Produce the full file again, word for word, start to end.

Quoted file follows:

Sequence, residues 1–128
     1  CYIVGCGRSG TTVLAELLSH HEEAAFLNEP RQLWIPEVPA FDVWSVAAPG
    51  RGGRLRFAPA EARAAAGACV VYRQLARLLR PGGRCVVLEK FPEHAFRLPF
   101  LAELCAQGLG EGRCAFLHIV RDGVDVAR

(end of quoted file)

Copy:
Sequence, residues 1–128
     1  CYIVGCGRSG TTVLAELLSH HEEAAFLNEP RQLWIPEVPA FDVWSVAAPG
    51  RGGRLRFAPA EARAAAGACV VYRQLARLLR PGGRCVVLEK FPEHAFRLPF
   101  LAELCAQGLG EGRCAFLHIV RDGVDVAR